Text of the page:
It would be facile to claim that censorship-resistance is “more important than ever in the age of Trump.” Where were all these people clutching their pearls about the current administration’s authoritarian tendencies in 2011, when the FDIC published a since-retractedhit list” lumping in pornography and “racist materials” (both forms of speech) and other legal businesses with Ponzi schemes as examples of “high-risk” industries?

The truth is that the Comstocks of e-commerce span the ideological spectrum, and governments aren’t their only weapon. Two years ago, following a racially motivated shooting in South Carolina, activists pressured eBay, Amazon and other companies to stop selling merchandise with the Confederate flag on it — even toy cars from “The Dukes of Hazzard.” Again, set aside your feelings about the shooting, or what the flag may symbolize. Just think: if one noisy group can browbeat eBay to block the sale of (nonlethal) materials you find offensive, another might come along and try to censor something you hold dear. And yes, I understand that this “ban” was not a First Amendment violation; people have the right to boycott or protest whatever they want, and private businesses have the right to discontinue selling a product for any reason they want. But in a world where all payments are subject to veto by virtue-signaling middlemen, today’s politically correct social norms could become tomorrow’s dangerous control state.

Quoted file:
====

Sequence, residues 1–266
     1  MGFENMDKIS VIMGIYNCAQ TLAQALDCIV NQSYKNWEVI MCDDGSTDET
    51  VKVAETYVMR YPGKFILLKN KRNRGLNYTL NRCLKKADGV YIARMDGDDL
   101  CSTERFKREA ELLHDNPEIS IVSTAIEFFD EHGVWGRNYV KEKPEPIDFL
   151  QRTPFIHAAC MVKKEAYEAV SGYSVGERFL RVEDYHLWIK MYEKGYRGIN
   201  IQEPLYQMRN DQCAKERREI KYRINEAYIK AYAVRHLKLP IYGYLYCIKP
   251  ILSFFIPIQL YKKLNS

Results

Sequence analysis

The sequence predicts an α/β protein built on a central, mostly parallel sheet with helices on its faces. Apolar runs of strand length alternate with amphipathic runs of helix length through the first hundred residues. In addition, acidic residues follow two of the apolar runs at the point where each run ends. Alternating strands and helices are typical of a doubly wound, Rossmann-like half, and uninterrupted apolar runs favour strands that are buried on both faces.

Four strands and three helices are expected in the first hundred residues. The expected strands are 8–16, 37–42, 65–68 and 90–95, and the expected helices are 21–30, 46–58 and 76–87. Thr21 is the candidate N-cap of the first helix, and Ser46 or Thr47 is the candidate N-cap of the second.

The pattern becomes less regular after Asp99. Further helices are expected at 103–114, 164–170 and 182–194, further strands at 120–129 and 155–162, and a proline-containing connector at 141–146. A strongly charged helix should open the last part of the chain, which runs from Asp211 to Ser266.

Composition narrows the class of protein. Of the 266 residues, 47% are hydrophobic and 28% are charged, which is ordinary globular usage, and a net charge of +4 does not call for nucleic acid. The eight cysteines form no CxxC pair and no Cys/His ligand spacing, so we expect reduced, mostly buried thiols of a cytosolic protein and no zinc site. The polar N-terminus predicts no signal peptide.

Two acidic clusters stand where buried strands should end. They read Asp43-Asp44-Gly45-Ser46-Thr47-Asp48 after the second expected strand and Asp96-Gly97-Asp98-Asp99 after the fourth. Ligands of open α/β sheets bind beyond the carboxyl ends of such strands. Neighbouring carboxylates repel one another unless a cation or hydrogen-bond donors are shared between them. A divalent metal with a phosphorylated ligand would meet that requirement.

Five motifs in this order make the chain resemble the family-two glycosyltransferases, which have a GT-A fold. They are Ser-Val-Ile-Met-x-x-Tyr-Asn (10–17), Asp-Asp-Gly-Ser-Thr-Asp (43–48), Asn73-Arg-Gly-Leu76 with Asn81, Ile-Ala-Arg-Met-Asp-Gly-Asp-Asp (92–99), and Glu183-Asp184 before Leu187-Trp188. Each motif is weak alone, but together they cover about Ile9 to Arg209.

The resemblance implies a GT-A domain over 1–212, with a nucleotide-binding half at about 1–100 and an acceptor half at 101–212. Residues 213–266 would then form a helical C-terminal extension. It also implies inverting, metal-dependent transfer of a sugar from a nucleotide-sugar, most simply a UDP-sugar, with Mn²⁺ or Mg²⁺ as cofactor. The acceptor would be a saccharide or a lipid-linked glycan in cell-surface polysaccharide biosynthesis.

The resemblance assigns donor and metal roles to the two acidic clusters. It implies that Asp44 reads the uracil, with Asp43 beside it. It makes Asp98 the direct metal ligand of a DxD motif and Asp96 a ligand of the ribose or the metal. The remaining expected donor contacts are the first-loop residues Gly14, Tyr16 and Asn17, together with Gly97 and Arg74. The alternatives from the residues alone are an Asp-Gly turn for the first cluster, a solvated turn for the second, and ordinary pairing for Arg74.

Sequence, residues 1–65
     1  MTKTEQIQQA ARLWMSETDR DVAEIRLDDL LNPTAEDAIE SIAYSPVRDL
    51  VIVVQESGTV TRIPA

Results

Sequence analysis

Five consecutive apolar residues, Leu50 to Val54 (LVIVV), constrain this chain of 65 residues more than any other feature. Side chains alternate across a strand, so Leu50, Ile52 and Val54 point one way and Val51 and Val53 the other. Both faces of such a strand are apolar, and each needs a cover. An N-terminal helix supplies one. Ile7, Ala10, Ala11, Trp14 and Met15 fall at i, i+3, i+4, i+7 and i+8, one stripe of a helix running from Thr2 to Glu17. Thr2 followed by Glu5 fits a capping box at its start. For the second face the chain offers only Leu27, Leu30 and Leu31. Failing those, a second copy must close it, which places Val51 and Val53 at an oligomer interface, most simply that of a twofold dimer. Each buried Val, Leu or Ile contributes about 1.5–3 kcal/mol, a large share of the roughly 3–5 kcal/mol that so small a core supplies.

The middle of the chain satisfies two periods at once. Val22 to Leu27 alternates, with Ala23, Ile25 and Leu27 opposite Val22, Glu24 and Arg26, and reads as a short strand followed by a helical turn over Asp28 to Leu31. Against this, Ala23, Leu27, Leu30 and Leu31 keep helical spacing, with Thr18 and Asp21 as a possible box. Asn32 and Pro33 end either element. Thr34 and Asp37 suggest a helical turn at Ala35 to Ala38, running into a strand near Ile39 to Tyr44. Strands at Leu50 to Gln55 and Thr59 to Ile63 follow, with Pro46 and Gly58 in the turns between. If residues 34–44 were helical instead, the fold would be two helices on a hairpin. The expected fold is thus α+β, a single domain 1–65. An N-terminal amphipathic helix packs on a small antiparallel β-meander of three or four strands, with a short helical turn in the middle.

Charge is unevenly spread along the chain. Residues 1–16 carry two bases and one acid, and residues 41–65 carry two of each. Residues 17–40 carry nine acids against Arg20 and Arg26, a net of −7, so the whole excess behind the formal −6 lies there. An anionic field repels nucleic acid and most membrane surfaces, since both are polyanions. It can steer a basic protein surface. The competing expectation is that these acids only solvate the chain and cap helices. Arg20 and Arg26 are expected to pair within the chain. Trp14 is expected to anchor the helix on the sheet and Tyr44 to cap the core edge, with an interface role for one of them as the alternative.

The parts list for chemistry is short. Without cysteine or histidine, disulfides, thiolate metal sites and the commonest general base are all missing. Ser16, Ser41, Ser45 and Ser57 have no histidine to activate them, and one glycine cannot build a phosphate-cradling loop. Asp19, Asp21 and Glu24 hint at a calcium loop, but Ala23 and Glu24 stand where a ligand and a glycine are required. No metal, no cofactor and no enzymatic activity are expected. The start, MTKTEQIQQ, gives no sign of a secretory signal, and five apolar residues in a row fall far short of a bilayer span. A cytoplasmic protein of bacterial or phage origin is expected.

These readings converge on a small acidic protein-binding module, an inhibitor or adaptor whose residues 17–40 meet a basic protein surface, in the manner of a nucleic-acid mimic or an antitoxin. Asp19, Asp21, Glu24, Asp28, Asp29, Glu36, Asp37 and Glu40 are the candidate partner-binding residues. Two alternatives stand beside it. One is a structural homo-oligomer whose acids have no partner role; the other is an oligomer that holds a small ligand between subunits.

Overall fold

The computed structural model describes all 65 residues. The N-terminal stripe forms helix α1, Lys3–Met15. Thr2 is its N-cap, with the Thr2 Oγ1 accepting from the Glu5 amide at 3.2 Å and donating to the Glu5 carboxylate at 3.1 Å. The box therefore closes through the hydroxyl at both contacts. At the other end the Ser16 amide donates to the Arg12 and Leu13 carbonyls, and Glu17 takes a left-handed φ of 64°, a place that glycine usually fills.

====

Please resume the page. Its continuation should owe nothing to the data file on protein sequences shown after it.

In 1873, Anthony Comstock persuaded Congress to ban the mailing of obscene materials. Bitcoin users were not affected. Wikimedia Commons

Red finance, blue finance
For a taste of what’s to come, witness the recent kerfuffles over USAA’s on-and-off sponsorship of Fox News host Sean Hannity, and Bank of America’s canceled funding of a Trump-esque interpretation of Shakespeare’s “Julius Caesar.”

Now, when I hear a blowhard spouting conspiracy theories on TV, I laugh and change the channel, and I avoid going to see plays that try way too hard to be topical and edgy. Others with more time on their hands seek to cleanse the world of bad thoughts, however they define them, and they’re gung-ho to conscript corporate America in their crusades.

Financial institutions will be a favorite target for enlistment, since they sit in the middle of so many transactions. Again, this is not far-fetched. It has already happened with “sin” industries and payday lenders.